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August 5, 2021

Lizzie Hodgson

Radical collaboration to achieve lasting change

The What Works Community provides unparalleled expertise, technical assistance, and peer connections to equip local authority leaders with the tools and techniques needed to tackle their toughest homelessness challenges.

Spanning the fields of behavioural insights, design thinking and data-informed decision making, the programme supports local authorities to develop a culture of continuous innovation, and enhance their ability to use evidence and data to tackle homelessness by focusing on ‘what works’.

At the core of our What Works Community programme is the belief that learning from different fields is essential to provide us with the skills and expertise we need to challenge the most pressing real-world problems. Ending homelessness for good demands collaboration across organisations and disciplines and the rapid sharing of knowledge in pursuit of what works.

To celebrate the end of this year’s What Works Community programme we invited Lizzie Hodgson to share her thoughts on the imperative of putting collaboration at the heart of our efforts to end homelessness.

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Collaboration is key to finding solutions to problems we face in the workplace. Outside of work we constantly encounter different people and perspectives, but at work we tend to function in narrow tracks. Understandably, we need to stay focused on our tasks and responsibilities, and the structures and methodologies we operate in are years, or even decades, in the making. But breaking free of such structures is essential to affect change, and that can often prove incredibly difficult.

Engaging with change often means feeling out of control and admitting that how things are currently done isn't the best way to do them. Embracing uncertainty and accepting failure are not behaviours we’re naturally inclined towards, but failing to do so can suffocate any spark of progression or problem solving, leading to inertia in the long term.

In physics, inertia is when matter continues in its existing state of rest or uniform motion in a straight line unless that state is changed by an external force. But inertia isn't just in physics, it can occur everywhere in life. We humans often stay in the same state unless acted upon by an external force, either positive or negative, and sometimes we’re in desperate need of an external force to push us onto a different track.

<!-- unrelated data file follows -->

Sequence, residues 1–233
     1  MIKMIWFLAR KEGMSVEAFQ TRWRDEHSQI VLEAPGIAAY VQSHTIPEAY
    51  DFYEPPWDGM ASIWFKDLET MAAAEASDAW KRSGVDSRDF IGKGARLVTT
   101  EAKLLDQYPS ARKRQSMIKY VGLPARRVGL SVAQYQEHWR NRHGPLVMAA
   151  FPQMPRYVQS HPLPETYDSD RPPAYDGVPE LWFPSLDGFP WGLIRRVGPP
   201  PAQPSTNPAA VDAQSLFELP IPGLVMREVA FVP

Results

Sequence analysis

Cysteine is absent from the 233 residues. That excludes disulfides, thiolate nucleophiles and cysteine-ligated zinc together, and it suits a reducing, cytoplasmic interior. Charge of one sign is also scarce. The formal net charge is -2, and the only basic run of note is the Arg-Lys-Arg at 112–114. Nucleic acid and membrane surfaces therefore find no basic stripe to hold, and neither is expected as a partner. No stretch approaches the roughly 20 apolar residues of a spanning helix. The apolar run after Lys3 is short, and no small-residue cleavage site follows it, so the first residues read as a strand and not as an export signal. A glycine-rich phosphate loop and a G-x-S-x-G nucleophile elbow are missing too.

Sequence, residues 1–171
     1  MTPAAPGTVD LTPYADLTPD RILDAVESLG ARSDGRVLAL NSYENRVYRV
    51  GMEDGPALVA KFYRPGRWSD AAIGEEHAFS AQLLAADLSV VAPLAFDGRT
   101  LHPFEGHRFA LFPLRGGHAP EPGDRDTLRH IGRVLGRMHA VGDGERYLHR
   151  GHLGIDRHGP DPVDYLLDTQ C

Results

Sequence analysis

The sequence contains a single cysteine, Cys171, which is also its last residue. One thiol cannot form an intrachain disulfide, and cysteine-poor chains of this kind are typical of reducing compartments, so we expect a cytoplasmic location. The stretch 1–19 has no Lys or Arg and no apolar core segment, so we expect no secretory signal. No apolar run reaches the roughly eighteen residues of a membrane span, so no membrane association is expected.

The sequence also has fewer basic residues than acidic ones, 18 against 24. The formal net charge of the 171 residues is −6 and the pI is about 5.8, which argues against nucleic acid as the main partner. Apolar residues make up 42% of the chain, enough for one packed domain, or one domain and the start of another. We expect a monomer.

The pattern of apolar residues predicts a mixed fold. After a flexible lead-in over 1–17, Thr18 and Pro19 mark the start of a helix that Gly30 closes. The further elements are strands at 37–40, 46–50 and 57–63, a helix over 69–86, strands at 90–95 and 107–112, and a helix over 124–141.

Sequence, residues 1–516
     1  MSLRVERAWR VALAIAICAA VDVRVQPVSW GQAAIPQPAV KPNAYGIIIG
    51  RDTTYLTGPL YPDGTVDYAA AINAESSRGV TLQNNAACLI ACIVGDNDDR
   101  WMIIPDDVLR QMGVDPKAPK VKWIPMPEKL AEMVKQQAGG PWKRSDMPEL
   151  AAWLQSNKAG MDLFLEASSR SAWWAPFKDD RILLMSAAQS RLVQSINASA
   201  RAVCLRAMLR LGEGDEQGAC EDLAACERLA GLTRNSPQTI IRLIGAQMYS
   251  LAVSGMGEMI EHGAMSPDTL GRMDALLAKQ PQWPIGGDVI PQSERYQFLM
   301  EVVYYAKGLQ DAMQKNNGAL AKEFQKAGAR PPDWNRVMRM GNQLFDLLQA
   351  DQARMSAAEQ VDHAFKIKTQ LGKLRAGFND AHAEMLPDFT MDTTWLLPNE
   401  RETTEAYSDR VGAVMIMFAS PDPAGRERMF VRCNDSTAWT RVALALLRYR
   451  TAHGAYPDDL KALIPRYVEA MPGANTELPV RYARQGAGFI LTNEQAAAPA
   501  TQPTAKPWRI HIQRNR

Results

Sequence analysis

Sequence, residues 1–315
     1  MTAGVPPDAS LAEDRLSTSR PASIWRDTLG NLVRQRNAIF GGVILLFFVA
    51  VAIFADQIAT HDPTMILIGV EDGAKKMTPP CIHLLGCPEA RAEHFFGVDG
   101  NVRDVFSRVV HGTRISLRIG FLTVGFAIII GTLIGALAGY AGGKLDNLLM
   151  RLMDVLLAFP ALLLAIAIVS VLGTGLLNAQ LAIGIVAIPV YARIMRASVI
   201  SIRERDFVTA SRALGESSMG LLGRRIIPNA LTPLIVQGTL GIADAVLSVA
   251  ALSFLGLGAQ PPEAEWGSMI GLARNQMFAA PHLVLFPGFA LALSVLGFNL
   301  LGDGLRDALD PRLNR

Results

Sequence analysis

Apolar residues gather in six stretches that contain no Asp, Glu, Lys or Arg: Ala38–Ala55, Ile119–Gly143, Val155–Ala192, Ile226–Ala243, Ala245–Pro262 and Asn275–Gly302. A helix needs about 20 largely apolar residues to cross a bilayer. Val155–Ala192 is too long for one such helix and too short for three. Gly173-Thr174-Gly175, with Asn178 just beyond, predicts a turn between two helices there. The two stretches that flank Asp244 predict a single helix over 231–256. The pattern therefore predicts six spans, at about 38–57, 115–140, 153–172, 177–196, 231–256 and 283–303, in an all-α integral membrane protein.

So how do we kickstart that external force on our own? How do we disrupt negative inertia to tackle the big challenges that stare us in the face? How do we change our approaches when things just aren’t working? How do we harness change to solve problems such as homelessness? 

The Centre for Homelessness Impact and the participants in the What Works Community are already starting to answer some of those questions and discovering that the answer is both simple and extremely difficult. It requires a shift in mindset, an ability to get out of a comfort zone, and the desire to throw out the rule book – for a short while at least.

Organisations are rarely keen to dispense with a rule book, and local authorities (LAs) are no exception. Within LAs there are structures and procedures that have to be followed while delivering projects against a backdrop of budget cuts and under constant scrutiny. These pressures are seen as immovable objects, but they needn’t be. What if we were to create the space and potential for real, radical change? What might happen if a user experience expert, a data scientist, an artist, a policy lead and a person with lived experience of homelessness were to get together for one day and asked to propose solutions to ending homelessness. What ideas could be sparked by breaking out of the status quo? This is how we begin to find radical solutions.

Of course this is easier said than done. Just doing things differently in the workplace won’t lead to change unless you have buy-in from your leaders. More than anything, a collaborative and fearless approach means that leaders need to create the foundations for people to ignite ideas and collaborations... and then get out of the way. It’s the job of good leaders to nurture the environment where friction can thrive in a safe framework.

We live in extraordinary times. Our world is made up of the most educated, technologically-advanced generations in human history. We also live in a complex age, with deep-rooted institutional and socio-economic structural challenges. We have biases, inequality, division. But every day we see people igniting and demanding change and coming up with new ideas and solutions that governments react to with new laws and policy. The same ought to be true of homelessness.

Ending and preventing homelessness isn’t going to be a light-switch moment, but equally, it cannot be a pipe-dream. It will take collaboration, innovation, imagination and political will. It will take money, fortitude, and vision. It will demand reform and legislation. It will take resolve, tenacity and creativity, but we can disrupt the inertia. And we can start today.

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Lizzie Hodgson is a consultant and strategist to global corporations, governments, companies, public sector organisations and charities to help them identify purpose, vision, and solutions.







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